Thursday, April 22, 2010

Baja is for the Birds

I've recruited our new friend, Tom, to share his expertise in birds with Allison and add something of interest to her schoolwork. God knows, I'm not a good teacher, but I can sure scout out talent in others. Once I discovered Tom's passion for birdwatching, I was after him to share it with her. First, I arranged for she and one of her friends to follow him on a nature walk around the lake of the golf course. We followed a week later with trip to the Las Garzas estuary in Loreto. This time Robert and a neighbor joined us as Tom led us through the damp mudflats pointing out royal terns and reddish egrets, semi-palmated plovers and yellow-crowned night herons. I couldn't remember the names of any of them, and I'm not sure anyone else could; it takes practice I think. Tom has a website that comes in handy for identifying Baja's fowl:

I believe this little guy is a snowy egret, but then I could be wrong. Tom will let me know, I'm sure.

Monday, April 19, 2010

It's raining, I think

Look closely. Yes, those are raindrops. Very rare for Loreto. Unless there is a hurricane rain falls sparse and rare. I think it rained for 30 seconds.

You don't see it from the sky; the only proof is the faint, almost imperceptible wet drops it leaves on the sidewalk or, in this case, the saltillo tiles.

Monday, April 12, 2010

Loreto Bay Masters

Robert and friends put together a golf tournament they called, "The Loreto Bay Masters," inspired by the real thing they watched this past week. They made it a fundraiser for the community center and in the four days they (we, since I got recruited to help too) had to organize it, it turned out very well. Small, but successful, I think. We had five teams and a handful of sponsors to raise enough money to buy bookshelves for the clubhouse. With some planning and more time next year's "Masters" will be huge.The day was absolutely beautiful. Allison and I took a cart and followed everyone so I could get pictures. For the most part we followed Robert's team. One of the members is an avid birdwatcher so all the way he was pointing out birds for Allison to view through his binoculars. While the guys were trying for "birdies" she was searching out the Vermillion Flycatchers and Magnificent Frigates. In some sense she was still "at school." Two other kids who are always "at school" are the Fager boys. They helped out on their parents beverage cart. Evan and Julie operate a tiny general store in the village called, Baja Onsite. Still just pre-schoolers, they spend most of their days underfoot at the store. They will probably grow up to be tycoons in commerce with all the hands-on experience they're already getting.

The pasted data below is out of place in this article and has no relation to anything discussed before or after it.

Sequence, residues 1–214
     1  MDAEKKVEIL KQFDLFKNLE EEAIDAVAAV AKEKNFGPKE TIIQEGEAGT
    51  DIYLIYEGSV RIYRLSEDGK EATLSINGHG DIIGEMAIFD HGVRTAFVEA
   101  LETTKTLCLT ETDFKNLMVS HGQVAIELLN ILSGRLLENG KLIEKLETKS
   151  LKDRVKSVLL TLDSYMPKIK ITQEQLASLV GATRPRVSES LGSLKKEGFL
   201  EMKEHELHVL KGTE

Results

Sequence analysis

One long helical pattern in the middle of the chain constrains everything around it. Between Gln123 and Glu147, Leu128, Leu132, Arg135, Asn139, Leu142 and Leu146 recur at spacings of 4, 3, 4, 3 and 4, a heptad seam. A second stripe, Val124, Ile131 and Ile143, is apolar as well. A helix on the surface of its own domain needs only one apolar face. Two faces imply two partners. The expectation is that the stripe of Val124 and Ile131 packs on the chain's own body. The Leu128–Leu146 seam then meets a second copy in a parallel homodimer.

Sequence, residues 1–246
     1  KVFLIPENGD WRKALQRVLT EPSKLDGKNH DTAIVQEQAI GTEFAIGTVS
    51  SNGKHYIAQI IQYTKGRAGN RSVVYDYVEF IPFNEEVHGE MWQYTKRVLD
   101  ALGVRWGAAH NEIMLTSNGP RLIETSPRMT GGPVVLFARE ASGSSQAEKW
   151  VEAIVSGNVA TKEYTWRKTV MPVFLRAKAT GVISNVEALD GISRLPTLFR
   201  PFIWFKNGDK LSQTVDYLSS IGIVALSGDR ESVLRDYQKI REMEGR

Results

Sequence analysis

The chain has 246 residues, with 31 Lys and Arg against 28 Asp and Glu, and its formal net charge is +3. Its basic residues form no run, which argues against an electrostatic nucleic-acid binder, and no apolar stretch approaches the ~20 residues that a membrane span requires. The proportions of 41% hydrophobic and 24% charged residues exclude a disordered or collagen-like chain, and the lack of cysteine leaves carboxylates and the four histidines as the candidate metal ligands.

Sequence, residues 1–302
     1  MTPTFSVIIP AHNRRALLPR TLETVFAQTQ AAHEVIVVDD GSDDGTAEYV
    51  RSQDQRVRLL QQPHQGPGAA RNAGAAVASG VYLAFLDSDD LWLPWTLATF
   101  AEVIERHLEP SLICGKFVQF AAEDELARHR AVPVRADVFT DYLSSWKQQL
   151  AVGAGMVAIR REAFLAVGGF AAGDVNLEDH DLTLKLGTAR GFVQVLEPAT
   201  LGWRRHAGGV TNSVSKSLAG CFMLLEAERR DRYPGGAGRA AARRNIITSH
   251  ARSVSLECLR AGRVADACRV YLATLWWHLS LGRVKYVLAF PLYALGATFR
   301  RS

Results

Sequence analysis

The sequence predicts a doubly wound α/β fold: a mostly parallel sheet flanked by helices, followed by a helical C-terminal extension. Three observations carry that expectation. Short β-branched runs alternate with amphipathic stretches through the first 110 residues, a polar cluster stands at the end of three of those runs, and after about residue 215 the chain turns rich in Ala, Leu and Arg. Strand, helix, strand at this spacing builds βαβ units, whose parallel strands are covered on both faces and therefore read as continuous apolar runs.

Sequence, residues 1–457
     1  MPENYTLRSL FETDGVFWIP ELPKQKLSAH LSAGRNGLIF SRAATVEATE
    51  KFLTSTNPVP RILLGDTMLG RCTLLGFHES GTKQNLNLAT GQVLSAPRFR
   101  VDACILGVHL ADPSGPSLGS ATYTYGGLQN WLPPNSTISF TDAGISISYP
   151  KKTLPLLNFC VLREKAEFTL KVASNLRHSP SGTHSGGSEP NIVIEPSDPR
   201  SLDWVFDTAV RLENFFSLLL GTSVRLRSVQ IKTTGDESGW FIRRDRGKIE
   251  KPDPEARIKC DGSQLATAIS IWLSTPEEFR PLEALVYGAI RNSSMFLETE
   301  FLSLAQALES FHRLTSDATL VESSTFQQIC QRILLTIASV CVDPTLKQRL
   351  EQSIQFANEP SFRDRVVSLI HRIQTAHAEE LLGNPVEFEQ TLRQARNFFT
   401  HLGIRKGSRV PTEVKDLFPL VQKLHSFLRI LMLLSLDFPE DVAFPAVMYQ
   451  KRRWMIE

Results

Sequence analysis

Robert's team won the event and the green "Masters" jackets, which in this case were Mexican ponchos. I teased him that it was like giving a party and winning your own door prize. However, I don't imagine these men will ever wear these ponchos in public again. Whatever--the day was a lot of fun and we did raise a nice sum for the community center.

Monday, April 05, 2010

Easter in Loreto Bay

When is the last time you saw kids hunting easter eggs among palms and bougainvillea? It's something the Mexicans never see; the don't celebrate Easter the way we do, not with baskets full of candies and a stuffed bunny. This was the third time we've been here during Easter, thus our third time hosting an egg hunt. I have to pack several dozen plastic eggs whenever we come because you'd never find them in Loreto. Knowing we would be hosting the party at our new community center I brought an entire suitcase full of Easter paraphernalia. I wanted to dress the place up and create an event. There may not be a lot of children here, but at least to those that are, we'd offer something fun and familiar. If we corrupt a few Mexican children with our candy-laden, secular, consumer-driven traditions, oh well. Our experience has shown that they love it. The same participants keep showing up. I'm afraid they'll expect it from now on. One Mexican couple shared their difficulty explaining to their three little sons exactly what is an easter egg hunt. "Are the eggs big or little?" one boy asked. " Are they hidden in nests?" They had no conception whatsoever of plastic eggs. Stuffed with candy. And money. Hidden like treasure in the landscaping. Once properly explained, they were all for !Feliz Pascua!, American-style!